(I have already attempted, without success, to contact Shungu to warn him about the hellish start-up effects that might come with NAC for some people, expressing concerns that the study doses might be too large and that a 4-week treatment period may be too short to evaluate the long-term response to treatment...)

Last month @Cort wrote a piece for Health Rising that provided some fascinating insight into Shungu's clinical trial:
Health Rising said:
The NIH has been fiercely resistant to funding clinical trials for ME/CFS. In fact, the NIH states in the title of its two 2020 Program Announcements for ME/CFS that it will not fund clinical trials.
[...]
So how did Shungu manage to get the NIH to fund a 5-year $2 million-plus clinical trial in ME/CFS? Shungu did that by bypassing the ME/CFS Program Announcement (PA) and used one (PA-18-345) specifically designed to support clinical trials. It’s been thought that anti-ME/CFS bias would preclude any clinical trial from being funded through such a generic PA – yet Shungu managed to get his through.
[...]
The study started in 2020 and is taking place at Cornell University in Ithaca, New York. It’s slated to last through 2025 and is still is listed as still recruiting patients.

Personally, I am still a bit worried that the study might fail due to the subset of patients who have dramatically negative start-up effects on NAC, and who need 8-12 weeks to start seeing the positive effects of NAC. Maybe this is a very small subset of patients, or maybe not. For this reason, I would feel more hopeful if the study used lower doses (0 mg/day, 100mg/day, 1000mg/day) and used 16 weeks of treatment.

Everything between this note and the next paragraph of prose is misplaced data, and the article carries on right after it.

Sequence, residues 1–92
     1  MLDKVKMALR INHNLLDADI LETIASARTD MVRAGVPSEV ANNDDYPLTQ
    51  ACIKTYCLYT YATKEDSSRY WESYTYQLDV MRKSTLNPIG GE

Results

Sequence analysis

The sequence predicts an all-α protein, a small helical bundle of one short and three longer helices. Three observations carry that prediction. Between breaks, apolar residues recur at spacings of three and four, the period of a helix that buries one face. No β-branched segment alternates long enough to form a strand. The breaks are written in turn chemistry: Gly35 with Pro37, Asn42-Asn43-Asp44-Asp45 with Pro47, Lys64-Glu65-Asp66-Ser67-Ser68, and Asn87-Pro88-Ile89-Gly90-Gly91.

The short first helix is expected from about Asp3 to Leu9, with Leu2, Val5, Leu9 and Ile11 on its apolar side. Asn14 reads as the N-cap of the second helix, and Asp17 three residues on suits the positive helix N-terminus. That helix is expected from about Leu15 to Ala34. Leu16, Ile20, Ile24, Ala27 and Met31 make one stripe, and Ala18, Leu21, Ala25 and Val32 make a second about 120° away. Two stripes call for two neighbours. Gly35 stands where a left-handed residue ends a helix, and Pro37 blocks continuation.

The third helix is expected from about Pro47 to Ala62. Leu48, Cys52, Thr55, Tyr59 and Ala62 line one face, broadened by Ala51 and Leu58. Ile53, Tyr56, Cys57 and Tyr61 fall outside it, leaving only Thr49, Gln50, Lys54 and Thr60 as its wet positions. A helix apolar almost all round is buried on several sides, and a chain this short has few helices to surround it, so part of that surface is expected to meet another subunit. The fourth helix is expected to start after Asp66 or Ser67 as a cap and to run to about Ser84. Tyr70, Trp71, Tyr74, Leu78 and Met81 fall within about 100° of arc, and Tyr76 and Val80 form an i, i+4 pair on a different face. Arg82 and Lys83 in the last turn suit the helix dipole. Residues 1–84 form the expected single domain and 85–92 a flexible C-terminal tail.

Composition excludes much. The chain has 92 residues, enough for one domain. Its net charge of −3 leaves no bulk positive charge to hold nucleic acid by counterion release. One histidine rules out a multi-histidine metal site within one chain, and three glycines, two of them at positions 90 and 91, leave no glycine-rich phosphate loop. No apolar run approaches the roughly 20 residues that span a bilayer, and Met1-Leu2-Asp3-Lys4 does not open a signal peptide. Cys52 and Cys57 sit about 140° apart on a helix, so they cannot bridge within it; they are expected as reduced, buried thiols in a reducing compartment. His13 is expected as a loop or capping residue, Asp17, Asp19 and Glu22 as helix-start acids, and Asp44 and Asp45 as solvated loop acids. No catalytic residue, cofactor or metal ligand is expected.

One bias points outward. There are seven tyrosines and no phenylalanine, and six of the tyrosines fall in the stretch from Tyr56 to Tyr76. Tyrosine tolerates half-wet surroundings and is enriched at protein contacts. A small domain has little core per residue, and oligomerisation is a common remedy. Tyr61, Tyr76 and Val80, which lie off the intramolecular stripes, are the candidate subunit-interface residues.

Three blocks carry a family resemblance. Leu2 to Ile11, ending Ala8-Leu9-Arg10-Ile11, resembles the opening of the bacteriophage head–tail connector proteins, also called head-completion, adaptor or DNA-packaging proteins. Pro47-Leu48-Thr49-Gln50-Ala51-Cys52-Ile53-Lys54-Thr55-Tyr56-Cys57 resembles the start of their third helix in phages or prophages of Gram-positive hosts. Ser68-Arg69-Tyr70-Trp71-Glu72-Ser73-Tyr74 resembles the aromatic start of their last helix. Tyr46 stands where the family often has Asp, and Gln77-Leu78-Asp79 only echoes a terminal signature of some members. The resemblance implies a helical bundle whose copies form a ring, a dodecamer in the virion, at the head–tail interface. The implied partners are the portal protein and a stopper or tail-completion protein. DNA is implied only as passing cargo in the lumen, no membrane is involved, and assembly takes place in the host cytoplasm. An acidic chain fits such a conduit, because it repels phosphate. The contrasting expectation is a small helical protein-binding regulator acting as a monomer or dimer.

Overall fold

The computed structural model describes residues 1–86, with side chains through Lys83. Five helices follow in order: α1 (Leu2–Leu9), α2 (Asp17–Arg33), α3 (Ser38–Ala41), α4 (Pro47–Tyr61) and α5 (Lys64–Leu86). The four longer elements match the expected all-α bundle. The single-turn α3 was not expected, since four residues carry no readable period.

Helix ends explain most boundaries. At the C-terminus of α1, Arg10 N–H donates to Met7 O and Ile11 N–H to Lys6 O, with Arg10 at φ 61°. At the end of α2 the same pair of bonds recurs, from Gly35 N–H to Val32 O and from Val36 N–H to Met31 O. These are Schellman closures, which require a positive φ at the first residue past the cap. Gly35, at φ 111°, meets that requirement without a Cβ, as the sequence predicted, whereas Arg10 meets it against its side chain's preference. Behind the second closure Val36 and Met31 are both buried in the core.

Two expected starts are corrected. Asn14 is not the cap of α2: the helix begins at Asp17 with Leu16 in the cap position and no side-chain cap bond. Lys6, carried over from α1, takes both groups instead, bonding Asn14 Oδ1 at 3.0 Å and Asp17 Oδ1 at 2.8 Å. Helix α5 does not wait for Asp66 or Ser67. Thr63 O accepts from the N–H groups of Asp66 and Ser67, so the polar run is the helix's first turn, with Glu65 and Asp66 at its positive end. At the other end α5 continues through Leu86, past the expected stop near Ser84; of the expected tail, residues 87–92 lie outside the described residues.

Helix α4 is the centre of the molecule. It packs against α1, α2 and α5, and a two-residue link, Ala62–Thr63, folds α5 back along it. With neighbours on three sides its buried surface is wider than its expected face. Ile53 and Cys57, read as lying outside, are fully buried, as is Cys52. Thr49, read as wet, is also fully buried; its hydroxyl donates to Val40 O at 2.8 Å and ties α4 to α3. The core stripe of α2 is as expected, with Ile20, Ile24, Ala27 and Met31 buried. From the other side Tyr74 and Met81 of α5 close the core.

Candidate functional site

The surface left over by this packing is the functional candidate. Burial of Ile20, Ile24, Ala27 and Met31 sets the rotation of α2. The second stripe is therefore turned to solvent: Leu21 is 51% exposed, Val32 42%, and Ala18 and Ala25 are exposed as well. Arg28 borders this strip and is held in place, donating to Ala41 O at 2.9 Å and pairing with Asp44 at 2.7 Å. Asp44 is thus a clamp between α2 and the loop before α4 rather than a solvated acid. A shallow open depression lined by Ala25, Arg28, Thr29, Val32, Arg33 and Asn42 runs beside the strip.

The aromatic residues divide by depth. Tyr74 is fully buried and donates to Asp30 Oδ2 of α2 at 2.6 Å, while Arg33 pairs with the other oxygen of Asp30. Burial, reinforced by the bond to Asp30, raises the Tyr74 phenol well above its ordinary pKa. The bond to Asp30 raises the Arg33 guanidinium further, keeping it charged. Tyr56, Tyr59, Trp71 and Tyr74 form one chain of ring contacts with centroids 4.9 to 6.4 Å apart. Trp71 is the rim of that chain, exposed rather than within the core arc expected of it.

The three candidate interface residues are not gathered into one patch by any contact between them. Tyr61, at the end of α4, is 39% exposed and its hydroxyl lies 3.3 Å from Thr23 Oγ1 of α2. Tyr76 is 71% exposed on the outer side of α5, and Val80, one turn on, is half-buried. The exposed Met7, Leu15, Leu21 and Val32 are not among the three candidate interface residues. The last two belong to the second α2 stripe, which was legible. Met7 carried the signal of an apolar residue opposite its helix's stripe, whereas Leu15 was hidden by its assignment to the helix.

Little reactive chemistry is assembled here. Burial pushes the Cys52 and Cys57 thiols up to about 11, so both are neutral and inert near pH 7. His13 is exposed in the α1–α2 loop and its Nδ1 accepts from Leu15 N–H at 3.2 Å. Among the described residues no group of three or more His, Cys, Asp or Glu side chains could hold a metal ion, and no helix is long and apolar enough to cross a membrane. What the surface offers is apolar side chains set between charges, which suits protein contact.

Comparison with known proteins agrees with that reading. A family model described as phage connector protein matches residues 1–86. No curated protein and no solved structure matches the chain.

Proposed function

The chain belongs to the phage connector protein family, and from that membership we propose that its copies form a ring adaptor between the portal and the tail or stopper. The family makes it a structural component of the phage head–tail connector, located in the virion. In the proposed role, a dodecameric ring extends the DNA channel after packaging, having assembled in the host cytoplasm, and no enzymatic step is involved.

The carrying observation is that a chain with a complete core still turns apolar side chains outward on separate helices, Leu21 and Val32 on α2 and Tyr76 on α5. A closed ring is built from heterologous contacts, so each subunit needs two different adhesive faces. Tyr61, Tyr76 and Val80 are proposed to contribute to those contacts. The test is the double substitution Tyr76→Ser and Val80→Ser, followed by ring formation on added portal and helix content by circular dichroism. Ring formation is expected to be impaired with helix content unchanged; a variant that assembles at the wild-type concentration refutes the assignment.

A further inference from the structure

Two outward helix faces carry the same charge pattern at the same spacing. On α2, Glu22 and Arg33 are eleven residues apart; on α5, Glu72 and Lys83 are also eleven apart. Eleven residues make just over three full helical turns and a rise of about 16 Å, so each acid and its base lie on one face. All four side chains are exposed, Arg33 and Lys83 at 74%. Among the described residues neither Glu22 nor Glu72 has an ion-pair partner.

There may be another complication related to supraphysiological NAC doses - supraphysiological doses of cysteine (NAC) can have a sedative effect. This is why high-dose NAC is currently of interest in psychiatry for treating anxiety. A 2005 paper [1] provided evidence for a possible mechanism of action for the observed sedative effect:
  1. At high concentrations in the nervous system, cysteine self-reacts to form cystine.
  2. Cystine in the synaptic cleft binds to the pre-synaptic cystine-glutamate antiporter and is taken into the pre-synaptic neuron, simultaneously releasing glutamate by the pre-synaptic neuron.
  3. The glutamate binds to the inhibitory pre-synaptic mGluR2 receptor.
  4. Synaptic transmission is reduced.
Since the average dietary intake of cysteine is somewhere between 600mg-1200mg, and 1000mg NAC = 740mg cysteine, I would probably consider any NAC dose above 1600mg/day to be supraphysiological...

Reference:
[1] https://www.jneurosci.org/content/25/27/6389.long
 
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lenora

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12 wks. is a long time to perhaps feel rather rotten. Maybe earlier results will be available...that would be nice. Yours, Lenora.